Last week, I had my first live television appearance. As I arrived at the studio, I was stripped down and doused in make-up and hairspray before I even had a chance to settle in.
In order to secure this spot, I had to send in a DVD of myself in a previous television interview. I hesitated to send in the clip I had because of how I appeared. The more media I do, and the more I learn about the industry, the more I understand how everything comes down to looks. Anyone who's interested in booking me for a television gig (or any gig, really) wants to see my picture. My initial reaction was anger--why do they need to see how I look? Why aren't my credentials enough? I've made a conscious decision not to include my picture on this site, nor on the one for my private practice. In my mind, it's not about how I look. . . though, sometimes, it is.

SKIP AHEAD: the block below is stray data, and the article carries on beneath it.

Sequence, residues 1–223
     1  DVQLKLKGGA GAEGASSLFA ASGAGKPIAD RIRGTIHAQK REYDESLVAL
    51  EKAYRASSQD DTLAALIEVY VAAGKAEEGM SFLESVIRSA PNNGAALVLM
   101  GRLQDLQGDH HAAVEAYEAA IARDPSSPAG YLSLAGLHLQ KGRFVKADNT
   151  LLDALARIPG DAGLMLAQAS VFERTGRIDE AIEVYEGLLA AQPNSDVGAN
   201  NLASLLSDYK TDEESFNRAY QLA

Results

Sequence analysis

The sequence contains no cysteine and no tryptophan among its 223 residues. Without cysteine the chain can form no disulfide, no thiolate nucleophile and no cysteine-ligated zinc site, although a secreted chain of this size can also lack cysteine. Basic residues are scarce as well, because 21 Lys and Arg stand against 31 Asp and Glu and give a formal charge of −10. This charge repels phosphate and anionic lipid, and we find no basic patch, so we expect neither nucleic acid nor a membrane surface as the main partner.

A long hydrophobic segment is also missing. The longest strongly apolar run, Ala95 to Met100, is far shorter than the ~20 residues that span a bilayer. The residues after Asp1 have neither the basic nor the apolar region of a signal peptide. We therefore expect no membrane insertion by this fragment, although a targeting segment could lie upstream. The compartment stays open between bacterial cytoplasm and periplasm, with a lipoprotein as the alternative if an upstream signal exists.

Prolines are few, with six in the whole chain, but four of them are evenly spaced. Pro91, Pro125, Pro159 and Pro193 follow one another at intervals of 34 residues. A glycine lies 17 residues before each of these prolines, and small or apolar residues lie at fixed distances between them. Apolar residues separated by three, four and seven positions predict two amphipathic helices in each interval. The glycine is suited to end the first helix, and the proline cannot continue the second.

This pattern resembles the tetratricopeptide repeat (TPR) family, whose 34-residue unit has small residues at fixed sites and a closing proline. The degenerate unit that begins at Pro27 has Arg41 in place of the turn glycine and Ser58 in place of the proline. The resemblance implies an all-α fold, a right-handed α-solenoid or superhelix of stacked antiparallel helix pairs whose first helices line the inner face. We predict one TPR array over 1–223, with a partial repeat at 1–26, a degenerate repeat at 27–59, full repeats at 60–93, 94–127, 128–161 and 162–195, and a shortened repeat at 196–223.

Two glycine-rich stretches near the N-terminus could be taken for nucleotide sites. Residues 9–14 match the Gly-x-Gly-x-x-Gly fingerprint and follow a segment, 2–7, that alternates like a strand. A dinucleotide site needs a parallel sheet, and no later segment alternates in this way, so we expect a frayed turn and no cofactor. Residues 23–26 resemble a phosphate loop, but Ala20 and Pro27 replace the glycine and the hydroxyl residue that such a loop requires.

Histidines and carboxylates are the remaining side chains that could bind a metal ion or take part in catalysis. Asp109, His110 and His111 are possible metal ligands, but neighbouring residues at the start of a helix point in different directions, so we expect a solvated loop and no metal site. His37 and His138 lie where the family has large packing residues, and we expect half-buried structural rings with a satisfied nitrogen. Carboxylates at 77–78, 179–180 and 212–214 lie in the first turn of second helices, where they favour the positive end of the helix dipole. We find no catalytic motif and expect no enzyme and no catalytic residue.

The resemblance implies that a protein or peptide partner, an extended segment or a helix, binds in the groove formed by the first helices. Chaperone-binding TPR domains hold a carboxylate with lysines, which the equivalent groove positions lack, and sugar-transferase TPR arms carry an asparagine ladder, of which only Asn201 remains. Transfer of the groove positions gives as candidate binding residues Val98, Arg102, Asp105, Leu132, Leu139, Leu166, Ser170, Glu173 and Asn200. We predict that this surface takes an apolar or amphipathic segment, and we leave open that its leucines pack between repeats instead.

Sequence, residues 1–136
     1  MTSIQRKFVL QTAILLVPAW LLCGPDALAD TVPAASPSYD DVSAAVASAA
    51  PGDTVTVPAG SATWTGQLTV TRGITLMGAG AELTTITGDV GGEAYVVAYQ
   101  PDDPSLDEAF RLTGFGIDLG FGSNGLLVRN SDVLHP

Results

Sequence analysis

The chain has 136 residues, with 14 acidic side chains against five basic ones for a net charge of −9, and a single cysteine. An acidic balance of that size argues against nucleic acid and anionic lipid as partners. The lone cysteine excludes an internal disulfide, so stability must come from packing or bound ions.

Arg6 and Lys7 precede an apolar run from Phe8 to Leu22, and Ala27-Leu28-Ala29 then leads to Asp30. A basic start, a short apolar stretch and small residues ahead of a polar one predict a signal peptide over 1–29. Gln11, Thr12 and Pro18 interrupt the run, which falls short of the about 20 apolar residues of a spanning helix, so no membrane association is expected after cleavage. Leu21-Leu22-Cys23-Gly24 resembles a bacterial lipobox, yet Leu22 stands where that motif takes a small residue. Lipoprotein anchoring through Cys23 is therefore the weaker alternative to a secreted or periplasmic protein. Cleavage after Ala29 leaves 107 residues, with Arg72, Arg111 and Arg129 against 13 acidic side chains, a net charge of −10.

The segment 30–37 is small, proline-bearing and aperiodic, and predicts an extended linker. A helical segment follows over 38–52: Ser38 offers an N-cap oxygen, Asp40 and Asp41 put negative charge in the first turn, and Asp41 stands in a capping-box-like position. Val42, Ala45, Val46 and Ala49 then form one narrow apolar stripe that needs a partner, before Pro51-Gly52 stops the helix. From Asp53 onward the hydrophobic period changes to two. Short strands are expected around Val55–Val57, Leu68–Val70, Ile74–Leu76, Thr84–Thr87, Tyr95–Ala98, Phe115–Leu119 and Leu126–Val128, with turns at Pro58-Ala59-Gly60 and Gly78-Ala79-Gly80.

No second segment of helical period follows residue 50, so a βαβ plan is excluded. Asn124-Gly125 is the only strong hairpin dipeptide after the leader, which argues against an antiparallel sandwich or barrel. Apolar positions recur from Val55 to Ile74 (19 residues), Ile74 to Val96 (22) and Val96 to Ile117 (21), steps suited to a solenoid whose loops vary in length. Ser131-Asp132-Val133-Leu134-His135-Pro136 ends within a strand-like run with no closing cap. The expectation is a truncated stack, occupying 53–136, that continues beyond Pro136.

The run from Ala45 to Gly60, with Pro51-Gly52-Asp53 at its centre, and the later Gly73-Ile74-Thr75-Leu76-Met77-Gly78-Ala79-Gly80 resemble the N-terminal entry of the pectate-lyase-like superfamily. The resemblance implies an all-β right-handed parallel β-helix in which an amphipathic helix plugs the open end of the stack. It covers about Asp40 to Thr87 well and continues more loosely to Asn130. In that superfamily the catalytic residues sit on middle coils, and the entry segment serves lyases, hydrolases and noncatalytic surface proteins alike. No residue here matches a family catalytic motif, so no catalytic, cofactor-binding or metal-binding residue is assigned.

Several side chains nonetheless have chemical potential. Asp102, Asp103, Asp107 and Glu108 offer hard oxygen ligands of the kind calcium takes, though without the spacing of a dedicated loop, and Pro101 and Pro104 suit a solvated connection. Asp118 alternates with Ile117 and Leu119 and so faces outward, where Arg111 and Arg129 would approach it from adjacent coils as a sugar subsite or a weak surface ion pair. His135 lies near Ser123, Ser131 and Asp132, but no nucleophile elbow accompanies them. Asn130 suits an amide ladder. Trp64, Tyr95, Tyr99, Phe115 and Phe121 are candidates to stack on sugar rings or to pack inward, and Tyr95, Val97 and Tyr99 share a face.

So, I send in this DVD, a news segment in which I did my own hair and make-up (lesson learned, more is better on camera). I emailed the two women who do my p.r. that, given the industry's focus on looks, I was concerned about submitting the segment because I thought I looked (gasp!) "ugly."
Now, here's the kicker: Both women, independently, after viewing the clip, responded to me, "No, you don't look fat." And so it goes. . .